NFV is an architectural framework that is first developed by the ETSI NFV Industry Specification Group. The framework provides a reference model where network functions are delivered through software virtualization with commercial off-the-shelf (COTS) hardware. This way, NFV moves away from the proprietary, purpose-built hardware that is dedicated to a single service. The result is a network that is agile, resilient, and equipped to deliver high quality of services. The NFV framework defines functional abstractions and interactions between the building blocks. Some of these abstractions are already present in current deployments, while others must be added to support the virtualization process and operation.

The following diagram shows the reference model for an NFV environment with clear functional abstractions and interactions in a tiered approach.

Figure 2. Layered Abstractions of the NFV Environment

Layered abstractions
Physical Tier

Represents compute hardware, storage, and physical networking as the underlying pool of shared resources. In addition, there are numerous other physical network devices such as switches, routers, EMS, and so on, making the execution ecosystem a hybrid virtual and physical topology.


The lowest tier of the vCloud NFV OpenStack Edition platform. It delivers the virtualization run-time environment with network functions and resource isolation for VM and container-based workloads. In NFVI, virtualized compute, storage, and networking are delivered as an integrated solution through vSphere, vSAN, and NSX-T Data Center. Isolated resources and networks can be assigned to a tenant slice, which is a runtime isolated partition delivering services. Tenant slices can be dedicated to a tenant or shared across tenants. The NFVI is optimized and adjusted for telco-class workloads to enable the delivery of quality and resilient services. Infrastructure high availability, performance, and scale considerations are built into this tier for performance optimization.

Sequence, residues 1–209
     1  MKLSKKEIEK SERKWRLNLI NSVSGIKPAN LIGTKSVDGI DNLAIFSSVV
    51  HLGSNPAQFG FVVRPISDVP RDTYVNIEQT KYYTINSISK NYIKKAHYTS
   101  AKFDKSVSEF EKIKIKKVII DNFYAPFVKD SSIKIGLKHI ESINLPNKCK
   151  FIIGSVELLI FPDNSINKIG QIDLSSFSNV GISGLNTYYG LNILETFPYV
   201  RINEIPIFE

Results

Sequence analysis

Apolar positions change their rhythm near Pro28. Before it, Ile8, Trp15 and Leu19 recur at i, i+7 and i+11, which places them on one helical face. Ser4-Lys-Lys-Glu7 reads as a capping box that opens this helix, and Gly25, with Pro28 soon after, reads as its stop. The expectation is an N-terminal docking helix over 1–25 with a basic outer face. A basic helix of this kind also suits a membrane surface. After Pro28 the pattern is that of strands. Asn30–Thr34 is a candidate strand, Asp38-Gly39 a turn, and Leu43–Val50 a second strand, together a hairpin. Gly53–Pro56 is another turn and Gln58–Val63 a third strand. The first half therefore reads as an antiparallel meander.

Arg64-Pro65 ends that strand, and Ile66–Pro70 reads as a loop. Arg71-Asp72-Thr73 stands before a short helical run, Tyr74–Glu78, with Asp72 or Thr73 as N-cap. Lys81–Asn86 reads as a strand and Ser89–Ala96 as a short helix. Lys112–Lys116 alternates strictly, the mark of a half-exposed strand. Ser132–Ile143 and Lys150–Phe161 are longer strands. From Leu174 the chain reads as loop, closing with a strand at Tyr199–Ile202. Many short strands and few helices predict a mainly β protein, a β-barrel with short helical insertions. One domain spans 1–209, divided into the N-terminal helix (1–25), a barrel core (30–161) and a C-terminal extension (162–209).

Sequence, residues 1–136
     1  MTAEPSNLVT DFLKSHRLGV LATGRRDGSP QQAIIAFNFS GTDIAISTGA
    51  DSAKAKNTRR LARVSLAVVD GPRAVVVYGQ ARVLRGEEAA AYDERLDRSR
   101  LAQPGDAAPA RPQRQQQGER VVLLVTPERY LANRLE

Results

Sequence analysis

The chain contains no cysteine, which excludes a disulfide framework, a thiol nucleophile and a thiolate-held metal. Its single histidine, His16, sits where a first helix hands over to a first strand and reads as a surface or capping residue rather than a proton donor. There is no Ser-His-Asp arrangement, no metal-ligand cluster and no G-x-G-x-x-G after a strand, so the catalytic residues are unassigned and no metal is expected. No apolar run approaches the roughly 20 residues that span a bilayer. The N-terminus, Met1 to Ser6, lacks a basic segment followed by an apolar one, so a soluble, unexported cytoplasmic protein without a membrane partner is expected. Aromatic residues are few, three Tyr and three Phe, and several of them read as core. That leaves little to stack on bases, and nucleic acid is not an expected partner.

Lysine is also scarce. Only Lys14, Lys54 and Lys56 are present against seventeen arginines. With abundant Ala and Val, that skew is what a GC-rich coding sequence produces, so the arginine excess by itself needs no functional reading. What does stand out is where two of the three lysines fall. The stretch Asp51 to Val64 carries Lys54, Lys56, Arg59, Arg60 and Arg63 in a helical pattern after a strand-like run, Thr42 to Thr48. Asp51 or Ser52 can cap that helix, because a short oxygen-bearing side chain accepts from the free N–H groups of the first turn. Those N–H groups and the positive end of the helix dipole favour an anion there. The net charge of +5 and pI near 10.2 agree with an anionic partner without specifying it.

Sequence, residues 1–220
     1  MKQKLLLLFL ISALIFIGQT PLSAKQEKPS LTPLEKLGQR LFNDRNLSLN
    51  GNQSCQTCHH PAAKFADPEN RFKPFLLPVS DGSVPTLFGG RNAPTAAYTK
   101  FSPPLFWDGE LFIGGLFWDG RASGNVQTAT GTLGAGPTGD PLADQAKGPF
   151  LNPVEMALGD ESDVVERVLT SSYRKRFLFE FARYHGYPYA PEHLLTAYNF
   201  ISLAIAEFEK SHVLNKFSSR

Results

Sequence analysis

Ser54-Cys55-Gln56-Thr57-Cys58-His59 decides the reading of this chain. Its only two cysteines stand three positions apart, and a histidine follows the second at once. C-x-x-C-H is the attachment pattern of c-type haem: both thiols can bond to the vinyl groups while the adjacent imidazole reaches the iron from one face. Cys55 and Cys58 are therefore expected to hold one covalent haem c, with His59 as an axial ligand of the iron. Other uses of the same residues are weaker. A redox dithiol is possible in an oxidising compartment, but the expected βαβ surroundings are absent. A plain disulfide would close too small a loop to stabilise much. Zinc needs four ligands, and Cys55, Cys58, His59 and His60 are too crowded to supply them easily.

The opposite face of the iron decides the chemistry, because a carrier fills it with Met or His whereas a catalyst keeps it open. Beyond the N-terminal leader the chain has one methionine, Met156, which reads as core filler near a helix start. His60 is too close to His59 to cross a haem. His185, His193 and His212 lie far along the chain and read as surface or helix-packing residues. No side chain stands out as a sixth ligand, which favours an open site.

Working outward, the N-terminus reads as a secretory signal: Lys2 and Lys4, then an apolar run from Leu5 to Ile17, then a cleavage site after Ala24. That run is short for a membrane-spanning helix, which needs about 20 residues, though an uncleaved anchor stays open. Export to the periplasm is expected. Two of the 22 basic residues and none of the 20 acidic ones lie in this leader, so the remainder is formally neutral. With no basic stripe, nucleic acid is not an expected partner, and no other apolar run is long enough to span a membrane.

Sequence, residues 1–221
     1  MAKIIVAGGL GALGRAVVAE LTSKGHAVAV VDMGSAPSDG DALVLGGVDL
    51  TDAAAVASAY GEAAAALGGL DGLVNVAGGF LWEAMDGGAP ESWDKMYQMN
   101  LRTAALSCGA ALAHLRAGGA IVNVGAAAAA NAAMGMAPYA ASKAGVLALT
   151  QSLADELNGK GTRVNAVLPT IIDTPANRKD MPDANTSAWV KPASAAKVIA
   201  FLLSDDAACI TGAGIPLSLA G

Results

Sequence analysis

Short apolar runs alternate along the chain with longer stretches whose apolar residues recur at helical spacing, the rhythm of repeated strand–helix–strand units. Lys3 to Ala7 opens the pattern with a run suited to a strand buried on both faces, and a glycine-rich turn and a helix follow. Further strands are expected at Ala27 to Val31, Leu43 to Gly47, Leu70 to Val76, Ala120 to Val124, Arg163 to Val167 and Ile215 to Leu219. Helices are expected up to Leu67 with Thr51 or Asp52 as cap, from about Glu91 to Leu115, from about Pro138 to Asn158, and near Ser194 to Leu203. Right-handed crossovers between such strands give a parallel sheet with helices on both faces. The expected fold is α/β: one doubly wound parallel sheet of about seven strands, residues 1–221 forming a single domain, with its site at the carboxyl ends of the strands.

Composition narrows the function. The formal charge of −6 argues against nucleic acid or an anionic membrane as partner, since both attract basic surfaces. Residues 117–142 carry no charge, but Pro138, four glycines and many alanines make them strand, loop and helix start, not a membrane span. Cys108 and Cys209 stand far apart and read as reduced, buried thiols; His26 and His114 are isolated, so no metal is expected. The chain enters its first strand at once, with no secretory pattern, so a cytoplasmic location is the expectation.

Resource Orchestration Tier

It provides resource management capabilities to the NFVI tier. This way, the NFVI can deliver a flexible infrastructure-as-code for life cycle management of workloads, network management, and resource management. The resource orchestration tier is responsible for controlling, managing, and monitoring the NFVI compute, storage, and network hardware, the software for the virtualization layer, and the virtualized resources. The VIM module manages the allocation and release of virtual resources, and the association of virtual to physical resources, including resource optimization. VIM also maintains the inventory of NFVI, including the linkage and relationship between components as they relate to an instance of a VNF or CNF workload. This way, VIM allows for monitoring in the context of a single VNF.

Cloud Automation Tier

The service management and control functions which bridge the virtual resource orchestration and physical functions to deliver services and service chains. It is typically a centralized control and management function, including embedded automation and optimization capabilities.

Solutions Tier

The multi-domain ecosystem of software virtual functions as native VM or containerized functions. Such functions are composed in complex solutions to enable service offers and business models that CSP customers consume. Solutions can range from small branch office functions to a fully evolved packet core that is delivered as tenant slices across multiple clouds.

Operations Management Tier

An integrated operational intelligence for infrastructure day 0, 1, and 2 operations that spans across all other tiers. The functional components within the operations management tier provide topology discovery, health monitoring, alerting, issue isolation, and closed-loop automation.